Refugee Week: An Opinion Piece

Publish Date: 18/06/2013

Prossy Kakooza, volunteer at The Lesbian Immigration Support Group (LISG), speaks exclusively to The LGF about the work of LISG and what it means to be an LGB or T refugee.

For many of us, Refugee Week is a celebration of the journeys we have taken, and celebrating the lives we have now. 

When people think about refugees or asylum seekers, some feel pity while others feel animosity because of the ‘strain to the economy due to immigration’. Both are wrong.

Yes many refugees have been through a lot to be here today. They are survivors who walk the streets with deep internal wounds, but with a smile on their faces. In cases of domestic violence in this country, it’s rightly said it takes a strong person to walk away. It’s the same for asylum seekers and refugees who walk away from all they know to seek refugee elsewhere for their safety. But don’t pity them. Just try to empathise and understand. Try putting yourself in their shoes, what would you do?

The women of Lesbian Immigration Support Group come from countries where it’s illegal to be LGB&T. Imagine a life where you had no chance of ever being yourself. Many go through sexual violence as many believe they’re lesbians ‘because they haven’t met a real man’.

One of the ladies from Uganda said ‘Coming out was not an option. Staying hidden and praying nobody ever found out was the only choice’.

Another one from Nigeria said ‘I was living in fear all the time. I knew I just had to get away or risk being killed by either my family of the authorities.’

But when people get here they feel born again. Like their lives are just at the beginning. The things some people might take for granted, like being able to hold your partners hand in public or taking them for a meal are all new to people who seek asylum on the basis of their sexuality.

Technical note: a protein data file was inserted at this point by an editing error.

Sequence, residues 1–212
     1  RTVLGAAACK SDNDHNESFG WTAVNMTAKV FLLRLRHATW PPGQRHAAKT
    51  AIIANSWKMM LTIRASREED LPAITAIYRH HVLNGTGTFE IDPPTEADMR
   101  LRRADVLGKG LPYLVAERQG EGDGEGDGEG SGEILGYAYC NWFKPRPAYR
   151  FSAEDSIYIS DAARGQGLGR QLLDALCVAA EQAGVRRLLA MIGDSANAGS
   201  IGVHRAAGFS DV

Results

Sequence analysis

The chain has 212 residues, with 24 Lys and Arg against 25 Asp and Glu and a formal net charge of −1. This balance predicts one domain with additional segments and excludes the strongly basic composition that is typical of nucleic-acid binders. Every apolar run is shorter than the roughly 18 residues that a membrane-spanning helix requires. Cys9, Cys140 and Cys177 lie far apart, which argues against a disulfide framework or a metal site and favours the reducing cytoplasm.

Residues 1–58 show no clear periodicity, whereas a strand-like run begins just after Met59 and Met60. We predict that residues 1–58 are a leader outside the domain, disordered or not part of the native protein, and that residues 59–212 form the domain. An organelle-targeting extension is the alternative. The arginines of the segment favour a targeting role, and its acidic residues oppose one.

‘I could not believe people go to clubs and kiss their girlfriends with everybody looking, and nobody even cared!’ one said. Many feel liberated for the first time in their lives.

So this refugee week we are going to concentrate on celebrating our freedom. We are the lucky ones. Many are suffering in the countries where it’s illegal to be themselves. We are the lucky ones who have had a taste of what it’s like to be who you were meant to be without being persecuted for it.

You might not visibly see it, mostly because the press sometimes chooses to concentrate on the dire and not the positive side, but refugees enrich communities with a lot. If not in monetary terms, then in the way it enriches the society with different cultures and traditions.

We know it’s not easy getting the refugee status to stay here, but at least we are given a chance. So we want to thank Britain for offering protection to many people who have had to flee persecution in their home countries.

And to thank those British people who continue to embrace us and celebrate our differences. Here’s to hoping we can continue to learn from each other and embrace each other’s differences, traditions, cultures and orientations with respect. Happy Refugee week. 

Lesbian Immigration Support Group is a Manchester based support group that helps women who seek asylum on the basis of their sexuality. We offer practical support and assistance to members with current asylum applications to ensure they are treated equally and with dignity during the asylum process.; @lisg_manchester

  • Philip

    Exactly right, Prossy. And you are still one of the most inspiring people I know.